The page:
But, while the disease’s geographical range is broad, it is not continuous. The disease clusters around areas of drought, famine, and high population density. In Africa, this has meant a knot of infection centers mostly in Sudan, Kenya, and Somalia. Living conditions here have changed very little in the past century, and the people are not normally very mobile. Parts of the Sudan, in particular the Upper Nile region, are almost totally cut off from the rest of the country, and the people are as tied to the place of their birth as any peasant of Europe’s dark ages.[14]

Contemporary life has made itself felt even here, however — not as “progress” but in the form of the many small wars of Africa’s post-colonial era. In the Sudan, where civil war has been continuous since 1983, the violence has been concentrated in the more populated south, and kala-azar was concentrated there too. But the wars have driven a steady stream of refugees out of the region, and these traveled either across the southern border or into the remoter western part of the country called the Upper Nile, where both war and the disease that went with it had not yet penetrated.[14]

These refugees, moving at foot-speed, carried the disease with them, and when it arrived it hit the Upper Nile with a force comparable to smallpox hitting the American Indians. The isolated people of the Upper Nile had no access to medicine or education about the new disease among them. Worse, their immune systems were defenseless against this new pathogen, foreign to them though it came only from another part of their own country. One village at the center of the epidemic, Duar, was left with four survivors out of a population of a thousand, and from the late eighties to the mid-nineties a total of 100,000 succumbed to the sickness in that region alone. In the words of Jill Seaman, the doctor who led relief efforts in the Upper Nile for the French organization Medicins Sans Frontieres, “Where else in the world could 50% of a population die without anyone knowing?”[15]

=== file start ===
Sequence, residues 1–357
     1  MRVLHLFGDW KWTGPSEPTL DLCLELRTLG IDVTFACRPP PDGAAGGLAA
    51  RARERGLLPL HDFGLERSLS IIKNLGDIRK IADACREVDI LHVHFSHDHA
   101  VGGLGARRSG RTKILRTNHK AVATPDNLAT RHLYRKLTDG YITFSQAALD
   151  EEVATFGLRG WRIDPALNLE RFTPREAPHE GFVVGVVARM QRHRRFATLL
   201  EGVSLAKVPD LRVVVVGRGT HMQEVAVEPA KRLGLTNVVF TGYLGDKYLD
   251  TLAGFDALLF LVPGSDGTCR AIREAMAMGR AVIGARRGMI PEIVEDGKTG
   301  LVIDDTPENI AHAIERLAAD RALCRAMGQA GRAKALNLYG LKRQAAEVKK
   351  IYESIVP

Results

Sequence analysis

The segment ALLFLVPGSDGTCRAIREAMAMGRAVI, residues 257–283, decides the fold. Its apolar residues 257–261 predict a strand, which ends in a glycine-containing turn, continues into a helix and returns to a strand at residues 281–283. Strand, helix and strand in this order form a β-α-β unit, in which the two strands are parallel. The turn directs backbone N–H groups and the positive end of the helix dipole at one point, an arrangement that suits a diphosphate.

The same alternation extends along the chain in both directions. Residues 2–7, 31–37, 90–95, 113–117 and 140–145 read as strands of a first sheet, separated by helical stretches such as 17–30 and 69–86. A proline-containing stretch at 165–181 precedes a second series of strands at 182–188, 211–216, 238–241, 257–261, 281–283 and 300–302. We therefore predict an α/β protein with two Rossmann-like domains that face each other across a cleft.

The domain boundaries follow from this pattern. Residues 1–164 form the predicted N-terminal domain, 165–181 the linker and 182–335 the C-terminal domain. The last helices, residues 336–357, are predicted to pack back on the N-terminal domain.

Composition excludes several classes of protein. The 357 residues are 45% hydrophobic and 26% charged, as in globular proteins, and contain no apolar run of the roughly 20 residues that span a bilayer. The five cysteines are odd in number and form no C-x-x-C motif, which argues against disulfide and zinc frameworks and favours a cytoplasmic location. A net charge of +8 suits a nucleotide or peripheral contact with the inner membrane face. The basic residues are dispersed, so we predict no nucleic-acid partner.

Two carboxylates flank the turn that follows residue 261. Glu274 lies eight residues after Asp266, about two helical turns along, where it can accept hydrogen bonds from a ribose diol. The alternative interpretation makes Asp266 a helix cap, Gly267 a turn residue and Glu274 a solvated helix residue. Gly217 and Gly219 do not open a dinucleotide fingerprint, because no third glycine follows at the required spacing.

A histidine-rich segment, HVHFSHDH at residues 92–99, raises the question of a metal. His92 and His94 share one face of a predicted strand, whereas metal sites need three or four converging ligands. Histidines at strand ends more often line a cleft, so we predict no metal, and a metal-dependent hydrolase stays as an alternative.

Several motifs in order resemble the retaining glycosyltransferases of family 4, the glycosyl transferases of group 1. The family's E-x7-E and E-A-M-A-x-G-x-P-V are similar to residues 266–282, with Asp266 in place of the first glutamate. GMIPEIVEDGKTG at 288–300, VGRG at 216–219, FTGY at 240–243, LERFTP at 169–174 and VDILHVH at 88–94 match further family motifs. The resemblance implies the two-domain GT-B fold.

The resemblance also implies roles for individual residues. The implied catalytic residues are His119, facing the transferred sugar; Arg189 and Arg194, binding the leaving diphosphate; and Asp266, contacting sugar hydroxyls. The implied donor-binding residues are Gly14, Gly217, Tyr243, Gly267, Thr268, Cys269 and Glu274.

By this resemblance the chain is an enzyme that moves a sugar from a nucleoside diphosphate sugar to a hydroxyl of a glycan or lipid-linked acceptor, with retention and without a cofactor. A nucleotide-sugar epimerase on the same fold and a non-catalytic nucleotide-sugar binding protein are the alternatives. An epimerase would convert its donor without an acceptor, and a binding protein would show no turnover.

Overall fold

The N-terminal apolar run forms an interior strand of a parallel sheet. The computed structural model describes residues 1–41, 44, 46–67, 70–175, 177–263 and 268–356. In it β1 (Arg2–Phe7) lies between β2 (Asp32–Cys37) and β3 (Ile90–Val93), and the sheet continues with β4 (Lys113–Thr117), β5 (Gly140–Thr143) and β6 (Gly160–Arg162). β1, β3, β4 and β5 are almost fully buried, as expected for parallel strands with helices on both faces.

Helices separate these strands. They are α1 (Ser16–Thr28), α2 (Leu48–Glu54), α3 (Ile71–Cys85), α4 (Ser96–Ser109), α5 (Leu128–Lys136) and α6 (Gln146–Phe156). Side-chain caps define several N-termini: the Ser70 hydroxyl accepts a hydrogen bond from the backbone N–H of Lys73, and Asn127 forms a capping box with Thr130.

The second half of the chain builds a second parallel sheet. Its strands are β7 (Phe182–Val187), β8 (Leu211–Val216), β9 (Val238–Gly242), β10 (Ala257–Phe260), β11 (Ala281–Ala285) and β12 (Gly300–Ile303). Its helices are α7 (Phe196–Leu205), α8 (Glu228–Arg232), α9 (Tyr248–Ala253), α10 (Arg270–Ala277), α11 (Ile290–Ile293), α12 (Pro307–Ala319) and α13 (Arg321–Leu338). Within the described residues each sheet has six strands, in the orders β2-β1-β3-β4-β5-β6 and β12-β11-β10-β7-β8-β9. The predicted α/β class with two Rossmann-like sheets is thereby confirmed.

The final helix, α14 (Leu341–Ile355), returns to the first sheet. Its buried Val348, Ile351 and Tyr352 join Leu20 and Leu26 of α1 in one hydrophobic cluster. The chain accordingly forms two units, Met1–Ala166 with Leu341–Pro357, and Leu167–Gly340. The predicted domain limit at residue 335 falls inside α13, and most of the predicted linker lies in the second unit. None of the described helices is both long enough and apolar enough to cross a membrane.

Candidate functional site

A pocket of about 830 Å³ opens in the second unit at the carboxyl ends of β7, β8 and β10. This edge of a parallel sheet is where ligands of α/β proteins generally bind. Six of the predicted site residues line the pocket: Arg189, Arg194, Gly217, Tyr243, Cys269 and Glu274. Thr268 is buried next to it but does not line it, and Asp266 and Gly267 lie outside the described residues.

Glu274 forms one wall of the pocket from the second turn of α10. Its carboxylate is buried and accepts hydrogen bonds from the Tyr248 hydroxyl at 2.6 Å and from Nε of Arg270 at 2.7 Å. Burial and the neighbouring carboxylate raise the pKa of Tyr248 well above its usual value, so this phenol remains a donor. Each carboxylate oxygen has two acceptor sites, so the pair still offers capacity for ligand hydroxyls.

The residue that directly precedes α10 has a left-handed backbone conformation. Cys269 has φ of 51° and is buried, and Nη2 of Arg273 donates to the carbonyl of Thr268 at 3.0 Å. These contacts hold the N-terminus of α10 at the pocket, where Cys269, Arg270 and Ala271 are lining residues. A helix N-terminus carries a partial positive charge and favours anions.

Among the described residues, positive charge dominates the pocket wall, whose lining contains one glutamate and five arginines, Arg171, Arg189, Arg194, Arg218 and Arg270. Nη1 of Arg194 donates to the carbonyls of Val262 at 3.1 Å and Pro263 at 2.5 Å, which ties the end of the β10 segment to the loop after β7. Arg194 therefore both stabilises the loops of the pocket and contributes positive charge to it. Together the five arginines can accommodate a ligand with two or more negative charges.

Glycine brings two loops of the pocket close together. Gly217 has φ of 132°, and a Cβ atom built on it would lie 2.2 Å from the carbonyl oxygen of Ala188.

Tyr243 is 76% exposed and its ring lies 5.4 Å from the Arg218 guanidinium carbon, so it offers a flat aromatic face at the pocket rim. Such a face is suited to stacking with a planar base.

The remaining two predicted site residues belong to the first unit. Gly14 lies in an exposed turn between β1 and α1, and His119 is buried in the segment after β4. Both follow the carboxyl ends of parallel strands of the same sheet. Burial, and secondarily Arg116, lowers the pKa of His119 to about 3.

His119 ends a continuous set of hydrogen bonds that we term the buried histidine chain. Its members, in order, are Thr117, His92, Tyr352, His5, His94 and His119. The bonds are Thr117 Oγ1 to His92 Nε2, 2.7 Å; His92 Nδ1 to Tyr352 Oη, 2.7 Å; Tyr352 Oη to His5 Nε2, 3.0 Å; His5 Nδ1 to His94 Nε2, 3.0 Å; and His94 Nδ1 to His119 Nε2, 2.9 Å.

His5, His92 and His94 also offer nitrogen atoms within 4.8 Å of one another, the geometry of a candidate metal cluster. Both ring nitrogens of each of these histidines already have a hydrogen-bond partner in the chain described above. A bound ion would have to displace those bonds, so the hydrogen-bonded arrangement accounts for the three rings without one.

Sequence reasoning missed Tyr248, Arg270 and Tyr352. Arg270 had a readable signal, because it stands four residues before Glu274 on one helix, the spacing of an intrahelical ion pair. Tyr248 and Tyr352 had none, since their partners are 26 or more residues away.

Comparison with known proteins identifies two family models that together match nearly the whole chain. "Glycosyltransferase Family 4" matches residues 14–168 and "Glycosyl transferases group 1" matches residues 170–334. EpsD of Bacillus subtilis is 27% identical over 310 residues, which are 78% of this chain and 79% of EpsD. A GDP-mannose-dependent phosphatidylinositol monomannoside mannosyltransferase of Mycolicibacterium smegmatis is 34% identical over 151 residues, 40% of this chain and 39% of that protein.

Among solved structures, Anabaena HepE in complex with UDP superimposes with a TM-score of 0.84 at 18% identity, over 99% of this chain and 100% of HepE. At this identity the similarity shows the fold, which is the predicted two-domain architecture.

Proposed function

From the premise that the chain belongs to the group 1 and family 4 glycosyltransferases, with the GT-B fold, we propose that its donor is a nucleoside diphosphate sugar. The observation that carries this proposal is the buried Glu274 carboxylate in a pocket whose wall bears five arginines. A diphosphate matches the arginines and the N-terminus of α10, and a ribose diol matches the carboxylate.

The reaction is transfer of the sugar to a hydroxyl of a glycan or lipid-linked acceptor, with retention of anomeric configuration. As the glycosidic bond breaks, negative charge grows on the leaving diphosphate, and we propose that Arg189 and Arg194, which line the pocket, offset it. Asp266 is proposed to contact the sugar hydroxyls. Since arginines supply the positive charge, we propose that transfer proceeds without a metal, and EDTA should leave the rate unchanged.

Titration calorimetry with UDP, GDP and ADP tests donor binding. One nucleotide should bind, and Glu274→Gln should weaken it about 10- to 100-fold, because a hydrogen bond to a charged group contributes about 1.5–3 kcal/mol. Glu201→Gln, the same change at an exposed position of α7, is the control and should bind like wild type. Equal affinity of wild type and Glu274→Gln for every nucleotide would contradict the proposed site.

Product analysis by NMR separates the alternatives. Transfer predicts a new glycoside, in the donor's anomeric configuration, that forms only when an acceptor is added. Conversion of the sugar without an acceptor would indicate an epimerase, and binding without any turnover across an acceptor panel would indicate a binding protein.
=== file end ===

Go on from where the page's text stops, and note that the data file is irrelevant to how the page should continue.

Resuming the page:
The world’s failure to notice the epidemic was not due solely to its primitive setting, but also to the realities of politics. When, in 1991, a group of Sudanese researchers with the World Health Organization warned of a coming kala-azar epidemic and proposed the construction of a treatment center, the Sudanese government stepped in and denied the existence of any epidemic. At war with its own people, the government in Khartoum did not wish to have foreigners aiding the population, and preferred to use limitations on foreign aid as a means of political control. The WHO, a non-governmental organization, could do nothing in the face of opposition from its host government, and so nothing was done. For much of the nineties, Medecins Sans Frontieres battled the disease essentially alone, working not only without borders but without hospitals or visas.[14]